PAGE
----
Over the past few decades, roboticists and computer scientists have developed robots that can grasp and manipulate various objects in their surroundings. Most of these robots are primarily trained to grasp rigid objects or objects with specific shapes.
Most objects in the real world, however, including clothes, plastic bottles, or food items, are deformable, which essentially mean that they can easily change shape while someone is manipulating them. Training robots to grasp both rigid and deformable 3D objects is a crucial step towards the employment of robot for a variety of real-world applications, including food processing, robotic surgery or household assistance.
Although techniques that allow robots to grasp rigid objects have become increasingly advanced over the past few years, strategies for grasping these objects do not always transfer well to deformable objects. For instance, while a soft toy could be grasped haphazardly, a rigid object that does not conform to a user’s hand might require a steadier and more precise grasp. Similarly, while a rigid food container could be grasped strongly and decisively, if it were flexible a robot would need to be more careful to avoid crushing both the container and the food inside it.
Researchers at NVIDIA have recently developed DefGraspSim, a platform that can be used to evaluate strategies for grasping deformable objects using robotic hands or manipulators. This valuable platform, presented in a paper pre-published on arXiv, could help to improve the performance of robots designed to manipulate objects in real world settings.
“Creating grasp strategies for deformable objects has historically been difficult due to the complexities in modeling their physical responses,” Isabella Huang, Yashraj Narang, Clemens Eppner, Balakumar Sundaralingam, Miles Macklin, Tucker Hermans and Dieter Fox, the researchers who carried out the study, told TechXplore via email. “Only in recent years have fast and accurate robotic simulators been developed to address this issue. We leveraged one such simulator, Isaac Gym, to create DefGraspSim, a pipeline that allows researchers to automatically evaluate grasps of their choosing on their own custom objects.”
The platform developed by Huang and her colleagues allows researchers to carry out customized grasping experiments evaluating the performance of robots on manipulation tasks associated with specific domains, such as household, healthcare or agricultural settings. DefGraspSim could be a highly valuable platform for robotics research, seeing as many of the tasks it evaluates robots on would be challenging or unsafe for a robot to be tested on in the real world (e.g., those associated with surgical procedures or manufacturing).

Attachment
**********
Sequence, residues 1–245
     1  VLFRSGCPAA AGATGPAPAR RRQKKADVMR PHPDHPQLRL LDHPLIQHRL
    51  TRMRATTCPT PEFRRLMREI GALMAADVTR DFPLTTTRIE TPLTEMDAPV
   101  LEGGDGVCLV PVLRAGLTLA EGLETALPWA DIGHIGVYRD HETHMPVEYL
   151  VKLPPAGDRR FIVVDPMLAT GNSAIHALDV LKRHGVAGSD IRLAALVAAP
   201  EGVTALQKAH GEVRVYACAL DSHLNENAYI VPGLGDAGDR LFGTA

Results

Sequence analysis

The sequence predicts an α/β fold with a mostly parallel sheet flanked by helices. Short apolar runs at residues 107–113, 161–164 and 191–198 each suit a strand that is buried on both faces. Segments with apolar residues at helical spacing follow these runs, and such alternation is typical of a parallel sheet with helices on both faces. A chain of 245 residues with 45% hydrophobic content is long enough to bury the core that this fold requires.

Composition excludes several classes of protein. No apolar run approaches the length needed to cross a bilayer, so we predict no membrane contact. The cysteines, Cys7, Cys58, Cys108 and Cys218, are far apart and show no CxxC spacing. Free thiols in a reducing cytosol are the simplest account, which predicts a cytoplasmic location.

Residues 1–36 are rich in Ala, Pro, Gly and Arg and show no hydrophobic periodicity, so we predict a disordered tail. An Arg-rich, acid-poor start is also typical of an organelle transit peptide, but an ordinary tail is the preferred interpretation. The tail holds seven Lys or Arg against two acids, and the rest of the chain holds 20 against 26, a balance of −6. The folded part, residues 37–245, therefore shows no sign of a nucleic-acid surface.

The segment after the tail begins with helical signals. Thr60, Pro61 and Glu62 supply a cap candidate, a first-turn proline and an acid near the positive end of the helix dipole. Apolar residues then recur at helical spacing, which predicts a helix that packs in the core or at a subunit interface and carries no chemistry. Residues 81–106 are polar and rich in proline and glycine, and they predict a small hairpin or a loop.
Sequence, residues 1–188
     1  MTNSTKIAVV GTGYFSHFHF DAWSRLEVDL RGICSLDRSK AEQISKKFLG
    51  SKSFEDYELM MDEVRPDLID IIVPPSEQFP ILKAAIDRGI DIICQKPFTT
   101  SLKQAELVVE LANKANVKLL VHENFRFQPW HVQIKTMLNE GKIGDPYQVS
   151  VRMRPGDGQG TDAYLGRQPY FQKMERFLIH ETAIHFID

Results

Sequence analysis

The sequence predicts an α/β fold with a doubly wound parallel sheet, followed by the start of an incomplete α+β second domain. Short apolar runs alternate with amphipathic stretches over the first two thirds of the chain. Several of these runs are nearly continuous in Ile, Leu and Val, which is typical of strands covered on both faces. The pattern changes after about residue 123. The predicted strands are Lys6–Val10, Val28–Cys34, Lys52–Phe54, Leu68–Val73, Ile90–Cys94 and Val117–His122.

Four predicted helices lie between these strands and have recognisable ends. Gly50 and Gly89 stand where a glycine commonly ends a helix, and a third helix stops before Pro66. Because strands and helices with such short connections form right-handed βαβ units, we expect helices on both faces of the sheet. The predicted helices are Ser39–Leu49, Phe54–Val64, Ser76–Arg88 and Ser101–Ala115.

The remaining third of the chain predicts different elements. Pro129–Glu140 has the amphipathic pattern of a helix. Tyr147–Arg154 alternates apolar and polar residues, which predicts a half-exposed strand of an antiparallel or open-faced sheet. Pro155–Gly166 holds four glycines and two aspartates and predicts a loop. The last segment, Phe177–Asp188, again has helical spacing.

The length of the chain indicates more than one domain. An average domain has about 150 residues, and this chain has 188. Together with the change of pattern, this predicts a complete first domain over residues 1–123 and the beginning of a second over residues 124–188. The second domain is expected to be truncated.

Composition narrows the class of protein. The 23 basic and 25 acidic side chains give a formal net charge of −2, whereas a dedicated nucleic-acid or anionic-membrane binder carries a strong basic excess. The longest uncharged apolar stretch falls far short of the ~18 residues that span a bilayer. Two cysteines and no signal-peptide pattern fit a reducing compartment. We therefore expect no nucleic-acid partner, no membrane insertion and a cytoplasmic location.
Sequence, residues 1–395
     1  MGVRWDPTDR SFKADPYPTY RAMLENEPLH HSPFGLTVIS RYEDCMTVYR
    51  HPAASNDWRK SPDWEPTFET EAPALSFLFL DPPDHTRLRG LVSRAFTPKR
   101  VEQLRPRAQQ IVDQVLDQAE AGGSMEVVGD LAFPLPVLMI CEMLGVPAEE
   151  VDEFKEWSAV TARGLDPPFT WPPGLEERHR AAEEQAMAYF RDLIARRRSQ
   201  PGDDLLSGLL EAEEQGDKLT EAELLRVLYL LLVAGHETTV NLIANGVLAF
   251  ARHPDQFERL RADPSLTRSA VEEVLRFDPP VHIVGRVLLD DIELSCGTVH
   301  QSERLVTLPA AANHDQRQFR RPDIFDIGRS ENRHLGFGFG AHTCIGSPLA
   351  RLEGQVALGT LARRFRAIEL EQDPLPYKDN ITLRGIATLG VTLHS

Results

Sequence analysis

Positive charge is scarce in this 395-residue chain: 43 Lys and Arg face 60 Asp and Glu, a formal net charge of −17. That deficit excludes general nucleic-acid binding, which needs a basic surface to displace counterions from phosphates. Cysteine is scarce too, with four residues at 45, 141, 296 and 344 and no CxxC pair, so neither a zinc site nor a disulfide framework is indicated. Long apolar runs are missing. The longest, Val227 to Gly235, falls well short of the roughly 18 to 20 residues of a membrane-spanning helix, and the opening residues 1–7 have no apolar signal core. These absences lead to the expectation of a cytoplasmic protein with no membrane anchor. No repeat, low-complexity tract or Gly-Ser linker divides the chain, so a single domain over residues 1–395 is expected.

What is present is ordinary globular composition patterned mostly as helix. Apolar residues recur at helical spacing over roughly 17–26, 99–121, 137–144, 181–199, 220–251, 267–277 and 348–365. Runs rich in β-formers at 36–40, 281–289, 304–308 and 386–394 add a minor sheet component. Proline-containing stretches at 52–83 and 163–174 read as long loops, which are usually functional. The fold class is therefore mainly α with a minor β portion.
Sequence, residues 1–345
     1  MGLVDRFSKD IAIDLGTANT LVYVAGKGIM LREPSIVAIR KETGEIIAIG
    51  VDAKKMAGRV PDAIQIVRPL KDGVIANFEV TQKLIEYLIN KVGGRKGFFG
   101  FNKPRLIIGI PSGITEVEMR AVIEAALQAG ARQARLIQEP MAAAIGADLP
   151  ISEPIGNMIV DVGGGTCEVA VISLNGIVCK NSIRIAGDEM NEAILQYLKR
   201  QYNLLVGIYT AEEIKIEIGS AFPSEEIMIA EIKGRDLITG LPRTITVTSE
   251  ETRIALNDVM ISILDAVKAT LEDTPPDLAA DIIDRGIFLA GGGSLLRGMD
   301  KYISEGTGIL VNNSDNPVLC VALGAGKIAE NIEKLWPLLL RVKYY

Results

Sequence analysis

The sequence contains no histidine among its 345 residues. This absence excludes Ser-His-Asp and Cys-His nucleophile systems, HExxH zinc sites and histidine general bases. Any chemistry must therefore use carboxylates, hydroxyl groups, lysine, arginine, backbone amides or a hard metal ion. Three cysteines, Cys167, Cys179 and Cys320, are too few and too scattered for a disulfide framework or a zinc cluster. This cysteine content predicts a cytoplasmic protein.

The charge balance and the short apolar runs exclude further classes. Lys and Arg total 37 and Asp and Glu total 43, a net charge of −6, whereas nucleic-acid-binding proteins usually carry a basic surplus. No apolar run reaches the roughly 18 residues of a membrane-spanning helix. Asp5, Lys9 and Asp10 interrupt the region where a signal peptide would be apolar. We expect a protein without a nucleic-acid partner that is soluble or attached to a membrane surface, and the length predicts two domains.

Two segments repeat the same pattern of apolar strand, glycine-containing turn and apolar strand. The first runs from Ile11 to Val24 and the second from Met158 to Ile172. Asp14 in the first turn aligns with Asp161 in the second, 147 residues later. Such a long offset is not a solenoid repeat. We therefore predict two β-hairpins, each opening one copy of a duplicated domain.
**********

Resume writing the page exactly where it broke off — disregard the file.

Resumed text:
In addition to using the platform to evaluate grasping strategies or grasp planners, researchers can use it to generate datasets containing grasp strategies. These datasets could then be used to train deep learning algorithms or other computational methods for identifying effective grasping strategies.
“Our work was motivated by the numerous exciting challenges that come with understanding how to grasp deformable objects,” Huang and her colleagues said. “Compared to the domain of rigid objects, which has received over 30 years of attention in the past, the study of deformable objects is heavily underexplored.”
In their paper, Huang and her colleagues focus on two main research questions. Firstly, the researchers wanted to determine how researchers can measure and assess the performance of deformable object grasps. Secondly, they wanted to devise a tool that would allow roboticists and computer scientists to measure and analyze these metrics in a reliable way.
“In the literature for rigid object grasping, the set of general performance metrics (i.e., measures that quantify how good a grasp is), is mostly unified across works,” the researchers explained. “Under a certain grasp, there are two major metrics of concern: whether an object can be picked up (grasp success), and whether that object can resist perturbations afterwards (grasp stability). While grasp success and stability apply to deformable objects as well, we also propose additional metrics that uniquely capture the responses of deformable objects.”
The additional metrics for capturing the responses of deformable objects proposed by Huang and her colleagues include deformation, stress, strain energy and deformation controllability. Deformation essentially quantifies how an object’s shape changes when it is grasped. Stress is a measure summarizing the stresses applied on an object’s body by the robotic gripper as it grasps it, which ultimately induces deformation. Notably, a stress measure that exceeds a material’s limits could lead to the object being permanent deformed, damaged or fractured.
Strain energy, on the other hand, is a measure summarizing the elastic potential energy stored in an object when it is grasped. Finally, deformation controllability refers to how much additional deformation an object can undergo, based on gravity, after the gripper is re-oriented.